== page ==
Fool If You Think It’s Over!

A Reidin-GCP report indicated that freehold land prices in the emirate had appreciated by 13% in H1, with this figure to rise even more with Expo 2020 on the horizon. Furthermore, 2016 construction permits are 38% higher than the same period a year earlier; however, there has been a reported 23% slump in Q2 residential transactions. The study also estimated that since 2003, land transactional returns had outperformed Dubai residential units by almost 50%.

Dubai Properties has launched the latest phase of its Remraam community, with prices starting at US$ 122k; located in Dubailand, the 1/2 bedroom apartments will be ready by H2 2019. The master development, launched in 2014, comprises 34 clusters, 64 buildings and 4k apartments with the usual add-ons – community centre, retail, dining and leisure activities.

Jumeirah Golf Estates is set to release land encompassing 700 hectares adjacent to the developer’s current 16 mini residential communities and two championship golf courses – Earth and Fire. The land, which is favourably located within 15 minutes of Expo 2020 site and Dubai World Central, will be made available to all interested developers.

Although there have been adjustments to the design, The Royal Atlantis Resort & Residences is still set to open in 2019. Kerzner International Resorts appointed Six Construct (in a JV with Ssangyong Engineering & Construction) to construct the US$ 1.4 billion, 46-storey hotel that will house 800 guest rooms and 239 serviced apartments.

Reef Mall in Deira will be the location for Dubai’s third “outlet” mall. Brands4u, operated by Concept Brands Group and covering an area of 20k sq mt; it will be a stand-alone, multi-brand outlet and will start with an initial investment of only US$ 4 million for purchasing merchandise.

In a joint statement, Emirates and flydubai confirmed an expansive codeshare agreement that will see both airlines working closer, including “integrated network collaboration with coordinated scheduling”. For both airlines, which will still be separately managed, it is a win-win situation, as the international carrier gets access to a strong regional network, whilst flydubai will have “seamless connectivity to Emirates’ worldwide destinations”. Currently, the combined fleet totals 317 aircraft with 259 wide-body units and 58 new-generation Boeing 737s, serving 216 destinations. There are signs that Emirates could be in the market to add the Boeing 787 Dreamliner (or less likely the Airbus A350) to its fleet and could add up to 100 planes to its current portfolio.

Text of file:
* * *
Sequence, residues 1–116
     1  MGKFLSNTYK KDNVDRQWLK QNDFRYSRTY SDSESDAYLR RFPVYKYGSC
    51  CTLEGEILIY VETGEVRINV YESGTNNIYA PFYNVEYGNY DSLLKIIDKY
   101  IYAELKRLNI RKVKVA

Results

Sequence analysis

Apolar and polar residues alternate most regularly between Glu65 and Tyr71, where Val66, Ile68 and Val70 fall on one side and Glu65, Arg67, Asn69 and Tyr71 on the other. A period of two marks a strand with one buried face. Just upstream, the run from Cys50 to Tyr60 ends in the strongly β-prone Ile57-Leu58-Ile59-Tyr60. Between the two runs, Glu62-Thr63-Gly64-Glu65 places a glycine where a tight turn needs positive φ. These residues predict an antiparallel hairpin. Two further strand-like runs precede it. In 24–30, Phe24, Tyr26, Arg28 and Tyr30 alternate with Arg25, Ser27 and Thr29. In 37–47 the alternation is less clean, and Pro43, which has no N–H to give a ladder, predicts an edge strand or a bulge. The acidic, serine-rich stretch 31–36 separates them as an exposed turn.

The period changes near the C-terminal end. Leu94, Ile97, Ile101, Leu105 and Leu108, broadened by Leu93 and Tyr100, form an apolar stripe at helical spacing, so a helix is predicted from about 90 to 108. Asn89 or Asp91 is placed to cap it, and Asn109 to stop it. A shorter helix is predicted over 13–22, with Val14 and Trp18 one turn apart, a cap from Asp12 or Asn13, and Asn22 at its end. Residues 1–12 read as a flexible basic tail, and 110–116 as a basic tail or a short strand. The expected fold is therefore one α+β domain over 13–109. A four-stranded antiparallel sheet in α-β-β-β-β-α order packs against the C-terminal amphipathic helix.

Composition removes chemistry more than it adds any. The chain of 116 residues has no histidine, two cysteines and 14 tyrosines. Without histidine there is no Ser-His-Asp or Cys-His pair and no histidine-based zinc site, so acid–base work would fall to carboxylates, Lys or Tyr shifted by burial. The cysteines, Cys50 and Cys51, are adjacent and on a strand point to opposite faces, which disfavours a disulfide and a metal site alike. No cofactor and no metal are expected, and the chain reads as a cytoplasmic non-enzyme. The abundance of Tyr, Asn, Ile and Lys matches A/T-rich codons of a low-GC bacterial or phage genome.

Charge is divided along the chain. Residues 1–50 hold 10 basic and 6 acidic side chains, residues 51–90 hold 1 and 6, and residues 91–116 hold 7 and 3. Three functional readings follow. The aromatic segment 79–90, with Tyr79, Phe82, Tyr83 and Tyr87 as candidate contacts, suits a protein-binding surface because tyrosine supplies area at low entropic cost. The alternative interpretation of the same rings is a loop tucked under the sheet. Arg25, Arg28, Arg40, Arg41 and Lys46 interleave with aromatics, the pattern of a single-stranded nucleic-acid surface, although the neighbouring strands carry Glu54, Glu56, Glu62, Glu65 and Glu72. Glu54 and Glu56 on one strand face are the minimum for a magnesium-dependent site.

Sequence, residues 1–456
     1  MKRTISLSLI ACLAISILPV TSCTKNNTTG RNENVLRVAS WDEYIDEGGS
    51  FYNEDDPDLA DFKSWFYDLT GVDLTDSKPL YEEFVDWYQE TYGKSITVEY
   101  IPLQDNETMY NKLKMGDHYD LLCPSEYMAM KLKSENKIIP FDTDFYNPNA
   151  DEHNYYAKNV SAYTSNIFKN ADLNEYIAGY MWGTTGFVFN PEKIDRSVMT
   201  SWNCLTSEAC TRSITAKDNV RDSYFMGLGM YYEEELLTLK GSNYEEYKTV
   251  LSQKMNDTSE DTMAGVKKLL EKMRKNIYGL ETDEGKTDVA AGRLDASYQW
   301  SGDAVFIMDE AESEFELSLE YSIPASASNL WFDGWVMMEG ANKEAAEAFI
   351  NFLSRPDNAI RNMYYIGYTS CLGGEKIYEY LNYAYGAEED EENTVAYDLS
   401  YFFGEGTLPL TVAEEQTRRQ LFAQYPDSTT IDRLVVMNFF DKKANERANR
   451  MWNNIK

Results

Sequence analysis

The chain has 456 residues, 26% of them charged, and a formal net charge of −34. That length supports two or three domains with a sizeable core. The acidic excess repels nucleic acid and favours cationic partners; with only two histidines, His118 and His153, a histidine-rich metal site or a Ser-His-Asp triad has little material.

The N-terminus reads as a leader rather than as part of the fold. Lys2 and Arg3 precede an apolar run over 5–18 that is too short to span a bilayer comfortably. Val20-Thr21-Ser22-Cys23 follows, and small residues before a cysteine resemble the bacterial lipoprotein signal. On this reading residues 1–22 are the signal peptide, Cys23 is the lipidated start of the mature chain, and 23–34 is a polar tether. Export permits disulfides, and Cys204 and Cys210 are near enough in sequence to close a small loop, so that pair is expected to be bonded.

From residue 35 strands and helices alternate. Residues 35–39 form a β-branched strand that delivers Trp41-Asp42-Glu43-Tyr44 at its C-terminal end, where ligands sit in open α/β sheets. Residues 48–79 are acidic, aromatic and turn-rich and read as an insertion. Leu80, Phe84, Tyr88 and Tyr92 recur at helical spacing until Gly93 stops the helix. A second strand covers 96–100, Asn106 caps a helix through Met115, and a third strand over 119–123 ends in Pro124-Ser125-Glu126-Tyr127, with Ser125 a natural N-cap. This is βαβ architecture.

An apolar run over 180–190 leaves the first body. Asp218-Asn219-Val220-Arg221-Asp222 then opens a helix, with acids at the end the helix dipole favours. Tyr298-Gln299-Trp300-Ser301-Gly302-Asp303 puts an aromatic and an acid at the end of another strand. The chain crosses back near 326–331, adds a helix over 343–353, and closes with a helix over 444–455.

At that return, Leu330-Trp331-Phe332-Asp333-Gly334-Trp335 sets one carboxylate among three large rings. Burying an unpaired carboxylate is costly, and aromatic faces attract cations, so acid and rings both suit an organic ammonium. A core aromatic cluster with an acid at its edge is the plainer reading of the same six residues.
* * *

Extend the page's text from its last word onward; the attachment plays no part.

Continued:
DP World’s subsidiary, P&O Ports, has been awarded a three-year contract to manage the Port de Sete container terminal in south of France, as from October. The agreement, which can be converted to a long-term concession, involves a container yard with a draft up to 14.5mt, a 457 mt quay and an adjacent two hectares of land. Initially, it will act as a feeder service for the eastern Mediterranean but later will see more international activity. The Dubai ports operator has also signed an agreement to advise the Indonesian government on the development of a new port in North Sumatra.

DEWA has awarded a US$ 13 million contract to Dutco Balfour Beatty for the first phase of its new Al Jadaf HQ, known as Al Sheraa. To be ready by the end of 2019, the building is slated to become the tallest, largest, and smartest government net Zero Energy Building in the world; generating 5.8k MWh every year, it will have 16.5k sq mt of photovoltaic solar panels on the roof, producing over 3.5k kW.

The first ever Dubai International Hospitality Week in September will see six events occurring at the same time; they are GulfHost, The Hotel Show, The Leisure Show, The Speciality Food Festival, SEAFEX Middle East, and yummex ME which in the past would have been stand-alone exhibitions. It is expected that the event will see 2k of the top global brands on show, with more than 50k visitors expected.

Beauty products continue to big business in Dubai with the emirate’s trade (imports, exports and reexports) totalling US$ 5.6 billion in 2016; in Q1, reexports have already reached US$ 1.4 billion. The country ranked seventh in the world, with a figure of US$ 239 in per capita spend.

A director of Dubai-based UHY Saxena and Matrix Holdings, Shivani Saxena, has been arrested by Indian authorities in relation to the US$ 560 million AgustaWestland VVIP chopper scam. Following allegations of kickbacks, the Indian government cancelled the contract three years ago and registered a case under PLMA (Prevention of Laundering Money Act), naming former Indian Air Force chief S.P. Tyagi and twenty others.

UK authorities have thanked Dubai Police for their efforts in tracking down tax fugitive Geoffrey Johnson in the emirate; he had been caught travelling on a false passport from Kenya in September 2014, he had been sentenced in absentia to 24 years in jail for his involvement in a complex tax theft involving US$ 285 million and laundering money valued at over US$ 2 billion.